Spiritual Communion, on the other hand, is the belief that we still receive the spiritual benefits of Communion even when we personally cannot consume it. (You have seen this noted in the prayer we’ve been using from St. Alphonsus.) Theologically, we are praying for the benefit of the saving work of Christ in our lives, even if we cannot receive the sacrament. The Book of Common Prayer’s rite for ministration to the sick (p. 457) specifically instructs the celebrant to assure the extremely ill or disabled that the benefits of Communion are received even if the bread and wine cannot be consumed, just as congregants who by reason of a cold take only the bread and not the wine, receive those benefits also. Even though your priests have permission to live web stream from Church, if the priest alone were to consume the eucharist, that would not be in community, despite his or her looking at a camera and giving directions to people in their homes.
And, so we wait, grieving the temporary loss of the rite we cherish within the community we love. Call it a time of eucharistic fasting. Yet, there is opportunity too, to look beyond our familiar rituals and encounter God in other ways. What might the Holy Spirit be calling upon us to do for our neighbors in need? How might Christ be revealed to us in acts of kindness for people on the margins, as we try to see Christ in all persons? That is our work to bring about the kingdom here “on earth as it is in heaven.”
11 Corinthians 11:17-34; see also 1 Corinthians 10:16
2Eucharistic Prayer B, p. 369, The Book of Common Prayer, with similar mentions in Prayers A and C.
3Augustine, Book 9 of his Confessions (9.4.8).
4“Patient Zero” in public health terms is the first patient in an outbreak. Patient zero in the Diocese of Washington D.C. was an Episcopal priest. (https://www.msn.com/en-us/news/us/dcs-patient-zero-a-priests-journey-from-icu-to-reuniting-with-family-and-flock/ar-BB11Vhkb); Chattanooga, TN’s first case was an Episcopal priest. (https://www.timesfreepress.com/news/local/story/2020/may/30/priest-who-wchattanoogas-first-covid-19-case/524203/).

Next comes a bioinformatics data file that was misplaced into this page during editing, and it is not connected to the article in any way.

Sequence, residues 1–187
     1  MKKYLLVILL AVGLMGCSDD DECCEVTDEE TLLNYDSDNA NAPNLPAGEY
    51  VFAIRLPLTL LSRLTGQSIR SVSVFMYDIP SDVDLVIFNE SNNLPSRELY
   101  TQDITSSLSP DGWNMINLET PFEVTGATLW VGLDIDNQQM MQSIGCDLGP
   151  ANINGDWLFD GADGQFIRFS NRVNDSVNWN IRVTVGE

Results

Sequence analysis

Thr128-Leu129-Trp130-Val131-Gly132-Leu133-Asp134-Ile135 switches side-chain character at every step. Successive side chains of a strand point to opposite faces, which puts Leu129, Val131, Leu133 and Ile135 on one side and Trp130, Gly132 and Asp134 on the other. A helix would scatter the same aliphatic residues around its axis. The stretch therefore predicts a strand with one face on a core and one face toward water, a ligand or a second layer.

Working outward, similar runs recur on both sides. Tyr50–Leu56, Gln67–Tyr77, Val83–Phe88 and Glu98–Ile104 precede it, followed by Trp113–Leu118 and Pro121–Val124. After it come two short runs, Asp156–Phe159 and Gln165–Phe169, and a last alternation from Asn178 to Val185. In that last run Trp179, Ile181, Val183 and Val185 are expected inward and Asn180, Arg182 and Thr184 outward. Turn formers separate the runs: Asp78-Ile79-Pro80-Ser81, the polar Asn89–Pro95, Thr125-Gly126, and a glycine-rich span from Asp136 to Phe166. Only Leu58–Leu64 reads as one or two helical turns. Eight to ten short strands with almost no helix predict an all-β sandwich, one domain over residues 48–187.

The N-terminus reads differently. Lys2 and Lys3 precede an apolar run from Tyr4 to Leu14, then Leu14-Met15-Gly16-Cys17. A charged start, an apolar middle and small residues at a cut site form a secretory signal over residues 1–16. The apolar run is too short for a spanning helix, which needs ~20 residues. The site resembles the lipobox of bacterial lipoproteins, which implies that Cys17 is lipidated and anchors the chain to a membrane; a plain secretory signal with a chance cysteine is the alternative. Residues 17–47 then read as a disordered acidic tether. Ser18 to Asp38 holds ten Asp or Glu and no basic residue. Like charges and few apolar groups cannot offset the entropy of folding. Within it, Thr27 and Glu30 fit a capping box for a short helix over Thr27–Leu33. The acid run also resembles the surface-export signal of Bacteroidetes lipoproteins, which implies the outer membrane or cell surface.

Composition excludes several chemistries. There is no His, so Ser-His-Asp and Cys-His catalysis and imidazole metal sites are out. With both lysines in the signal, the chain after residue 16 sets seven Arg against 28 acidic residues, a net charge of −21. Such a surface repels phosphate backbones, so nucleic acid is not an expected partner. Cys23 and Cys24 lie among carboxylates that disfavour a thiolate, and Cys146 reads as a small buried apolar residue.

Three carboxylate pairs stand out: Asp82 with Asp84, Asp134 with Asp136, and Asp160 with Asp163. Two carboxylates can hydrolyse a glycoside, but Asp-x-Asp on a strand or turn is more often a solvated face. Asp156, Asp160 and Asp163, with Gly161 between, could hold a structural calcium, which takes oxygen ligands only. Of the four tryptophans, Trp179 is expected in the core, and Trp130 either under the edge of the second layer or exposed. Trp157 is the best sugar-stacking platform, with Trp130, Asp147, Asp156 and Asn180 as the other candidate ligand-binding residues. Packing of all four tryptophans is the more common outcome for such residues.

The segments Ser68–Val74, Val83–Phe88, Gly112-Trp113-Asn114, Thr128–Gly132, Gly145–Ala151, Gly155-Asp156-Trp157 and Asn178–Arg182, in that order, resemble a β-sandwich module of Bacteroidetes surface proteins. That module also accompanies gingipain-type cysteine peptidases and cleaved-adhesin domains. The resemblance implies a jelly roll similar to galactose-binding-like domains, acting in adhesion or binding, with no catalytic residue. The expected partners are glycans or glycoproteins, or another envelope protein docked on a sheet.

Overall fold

5We acknowledge that there are differences in belief. Theologian Hans Boersma believes Virtual Communion “treats the Eucharist as a consumer service satisfying my individual religious demands rather than as the chief act of divine worship through which we’re transfigured.” While a Baptist theologian, Steve Holmes, a proponent of the virtual, says of in-person communion, “we do not imagine some magical aura emanating from the celebrant which fades after traveling 50 yards.” Catholic priests can celebrate the eucharist alone in times of great illness. And there may be other practices which would not violate our rubrics such as an “agape meal” where a Eucharistic rite is held without the Eucharist itself and then a meal blessing is said, but not consecrated. Photo credit: The Rev. Jesus Higueras, a Catholic priest is seen on a smartphone during a livestreamed Mass in Pozuelo de Alarcon, on the outskirts of Madrid, on March 15, 2020. (AP Photo/Bernat Armangue)